School children still paying heavy price for legal highs
Children have been going to school hungry while their parents waste money on psychoactive substances, Palmerston North principals say.
Students and parents' drug problems have led to police intervention, Child, Youth and Family callouts and school suspensions.
One example of fallout from legal highs was that addicted adults feasted on a child's school lunch he had made for himself and the boy then resorted to stealing.
The principals say they are relieved legal highs legislation has changed, and hope the positive effects will soon be felt in schools.
The Psychoactive Substances Amendment Act was passed under urgency in Parliament this month, removing all psychoactive substances from shop shelves until they are proven to be low-risk, banning the testing of such products on animals and making possessing or supplying the drugs illegal.
Some schools have had to call police, Child, Youth and Family, as well as other social services agencies, such as Youth One Stop Shop and Whakapai Hauora, for help.
Schools also stepped in to provide counselling and pastoral support for students struggling with substance addiction and pupils have been suspended or expelled this year for drug-related offences, particularly around psychoactive substances, principals say.
West End School principal Gary Punler said he knew pupils who had accompanied their parents to purchase psychoactive substances, knowing the price and store location.
One pupil, whose parents were both users, would come to school hungry, had been found roaming the streets late at night, and was caught shoplifting as a result of his caregivers' cravings.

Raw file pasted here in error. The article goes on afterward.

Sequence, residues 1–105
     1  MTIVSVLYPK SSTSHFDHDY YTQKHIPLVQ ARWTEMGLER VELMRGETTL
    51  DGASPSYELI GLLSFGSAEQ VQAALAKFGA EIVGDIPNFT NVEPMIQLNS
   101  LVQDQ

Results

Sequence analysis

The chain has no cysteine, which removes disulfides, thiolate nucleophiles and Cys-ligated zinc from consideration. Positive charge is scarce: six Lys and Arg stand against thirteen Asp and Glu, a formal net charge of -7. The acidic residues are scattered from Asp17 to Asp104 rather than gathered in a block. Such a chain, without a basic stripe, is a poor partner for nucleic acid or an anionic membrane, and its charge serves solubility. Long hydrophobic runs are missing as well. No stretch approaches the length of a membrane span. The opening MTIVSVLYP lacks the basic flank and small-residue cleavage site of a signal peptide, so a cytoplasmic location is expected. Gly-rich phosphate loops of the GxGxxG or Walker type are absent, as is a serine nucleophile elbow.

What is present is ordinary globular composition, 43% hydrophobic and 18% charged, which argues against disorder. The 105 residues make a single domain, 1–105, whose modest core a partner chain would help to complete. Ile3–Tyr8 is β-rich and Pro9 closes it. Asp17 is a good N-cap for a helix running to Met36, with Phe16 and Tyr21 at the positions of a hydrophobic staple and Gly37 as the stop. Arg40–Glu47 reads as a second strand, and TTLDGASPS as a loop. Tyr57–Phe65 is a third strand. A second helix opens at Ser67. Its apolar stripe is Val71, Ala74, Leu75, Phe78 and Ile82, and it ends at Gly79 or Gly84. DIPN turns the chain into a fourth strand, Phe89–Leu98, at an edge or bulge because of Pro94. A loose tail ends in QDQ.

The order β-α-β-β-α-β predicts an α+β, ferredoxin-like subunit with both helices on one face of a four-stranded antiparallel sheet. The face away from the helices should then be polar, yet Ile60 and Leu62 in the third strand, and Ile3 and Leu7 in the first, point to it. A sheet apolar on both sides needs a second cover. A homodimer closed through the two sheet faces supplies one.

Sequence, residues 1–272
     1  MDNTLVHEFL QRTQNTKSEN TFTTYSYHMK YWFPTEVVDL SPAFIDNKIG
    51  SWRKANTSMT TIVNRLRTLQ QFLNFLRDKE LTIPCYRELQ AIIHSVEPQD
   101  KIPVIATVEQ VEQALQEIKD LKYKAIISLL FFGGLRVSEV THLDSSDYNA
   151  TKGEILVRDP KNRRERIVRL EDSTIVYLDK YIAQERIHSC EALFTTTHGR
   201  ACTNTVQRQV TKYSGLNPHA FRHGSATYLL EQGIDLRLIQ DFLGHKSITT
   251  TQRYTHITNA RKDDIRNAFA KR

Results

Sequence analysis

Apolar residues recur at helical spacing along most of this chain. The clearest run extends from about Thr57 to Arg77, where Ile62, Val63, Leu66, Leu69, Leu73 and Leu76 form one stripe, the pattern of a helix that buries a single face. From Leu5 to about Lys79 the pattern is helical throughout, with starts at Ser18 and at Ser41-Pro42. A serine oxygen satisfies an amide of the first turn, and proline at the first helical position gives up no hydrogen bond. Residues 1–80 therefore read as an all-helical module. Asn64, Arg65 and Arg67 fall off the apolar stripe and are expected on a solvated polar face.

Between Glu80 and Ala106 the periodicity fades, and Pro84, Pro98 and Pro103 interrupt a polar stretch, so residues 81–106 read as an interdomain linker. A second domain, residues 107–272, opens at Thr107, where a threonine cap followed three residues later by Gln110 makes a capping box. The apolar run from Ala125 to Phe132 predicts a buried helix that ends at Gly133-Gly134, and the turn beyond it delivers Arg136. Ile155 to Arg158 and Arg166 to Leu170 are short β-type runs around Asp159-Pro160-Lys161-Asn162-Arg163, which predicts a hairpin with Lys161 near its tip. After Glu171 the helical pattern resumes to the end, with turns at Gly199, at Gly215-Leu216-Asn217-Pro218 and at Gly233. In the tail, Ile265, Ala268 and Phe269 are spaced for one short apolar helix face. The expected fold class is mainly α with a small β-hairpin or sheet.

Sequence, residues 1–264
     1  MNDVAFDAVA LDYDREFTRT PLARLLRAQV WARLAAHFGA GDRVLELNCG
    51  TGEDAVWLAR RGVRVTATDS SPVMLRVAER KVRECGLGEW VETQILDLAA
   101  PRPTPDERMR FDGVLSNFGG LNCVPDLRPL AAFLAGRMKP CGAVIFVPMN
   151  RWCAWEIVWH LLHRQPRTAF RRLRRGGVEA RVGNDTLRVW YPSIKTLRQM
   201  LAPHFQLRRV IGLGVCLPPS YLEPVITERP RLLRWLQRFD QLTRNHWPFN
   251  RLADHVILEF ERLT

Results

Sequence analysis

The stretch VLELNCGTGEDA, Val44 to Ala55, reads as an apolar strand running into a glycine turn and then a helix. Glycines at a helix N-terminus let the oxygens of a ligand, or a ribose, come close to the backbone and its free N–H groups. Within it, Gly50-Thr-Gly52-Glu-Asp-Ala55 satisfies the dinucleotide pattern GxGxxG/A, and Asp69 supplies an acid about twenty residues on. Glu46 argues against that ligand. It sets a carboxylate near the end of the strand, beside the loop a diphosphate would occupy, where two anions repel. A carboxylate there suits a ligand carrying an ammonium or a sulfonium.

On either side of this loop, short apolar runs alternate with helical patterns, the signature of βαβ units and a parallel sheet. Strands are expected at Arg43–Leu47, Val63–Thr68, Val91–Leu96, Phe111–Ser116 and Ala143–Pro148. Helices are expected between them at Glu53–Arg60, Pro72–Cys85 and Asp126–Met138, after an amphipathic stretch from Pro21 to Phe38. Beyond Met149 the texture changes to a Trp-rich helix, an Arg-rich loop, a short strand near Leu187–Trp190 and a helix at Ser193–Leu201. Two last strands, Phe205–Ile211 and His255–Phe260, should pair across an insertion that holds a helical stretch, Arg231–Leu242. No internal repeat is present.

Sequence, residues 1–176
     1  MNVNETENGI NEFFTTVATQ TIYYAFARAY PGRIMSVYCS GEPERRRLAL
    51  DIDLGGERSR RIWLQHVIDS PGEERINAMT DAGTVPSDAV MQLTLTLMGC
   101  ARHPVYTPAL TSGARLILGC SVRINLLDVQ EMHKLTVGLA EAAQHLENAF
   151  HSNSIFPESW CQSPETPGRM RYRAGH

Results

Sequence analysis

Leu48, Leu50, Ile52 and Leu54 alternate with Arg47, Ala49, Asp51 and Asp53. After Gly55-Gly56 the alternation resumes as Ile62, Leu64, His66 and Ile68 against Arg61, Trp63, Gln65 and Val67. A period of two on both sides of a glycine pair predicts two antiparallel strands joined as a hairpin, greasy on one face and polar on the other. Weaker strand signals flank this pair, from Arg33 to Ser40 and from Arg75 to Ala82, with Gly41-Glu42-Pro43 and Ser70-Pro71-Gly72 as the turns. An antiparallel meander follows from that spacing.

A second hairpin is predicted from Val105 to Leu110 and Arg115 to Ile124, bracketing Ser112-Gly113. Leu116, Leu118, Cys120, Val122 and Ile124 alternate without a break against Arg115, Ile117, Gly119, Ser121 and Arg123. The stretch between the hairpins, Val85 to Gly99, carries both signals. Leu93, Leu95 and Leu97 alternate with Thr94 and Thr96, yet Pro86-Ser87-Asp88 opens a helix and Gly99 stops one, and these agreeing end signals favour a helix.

"The child often has no lunch and has reported waking up in the night to find adults eating a lunch that he had made [for himself]."
The potential for children to view those behaviours as normal, with money being spent on substances and not the necessities of life, was of concern, Punler said.
Freyberg High School acting principal Craig Steed said "like all schools across our community", some students may have tried them.
"The issue with legal highs is that in the very name is some perverse endorsement of them as a legal form of a recreational buzz or high," he said.
"Until now, the law wasn't able to prevent the production and distribution of these drugs to our young people and for that reason I have no doubt there will be students who have tried legal highs who would likely have never tried any other form of illegal drug."
More stringent rules surrounding the substances would be a good thing for youth, Steed said.
"I know the effect of legal high use has been far-reaching and impacted on families' lives in devastating ways," he said.
"They can be addictive and destructive, result in irrational behaviours and can ruin a student's chance to remain in mainstream education."
Awatapu College principal Gary Yeatman said labelling psychoactives substances "legal highs" in some way sanctioned their usage. "There will always be a small group who push boundaries [and] the use of legal highs had meant that for some their time with us has come to an end," he said.
"I'm hopeful by changing that law, as a country there'll be less students involved in it and the fact that it's no longer seen as legal will prevent them from doing it."
Palmerston North Boys' High School rector David Bovey said: "The perils of synthetic cannabis use have been well-documented and the recent decision was not before time."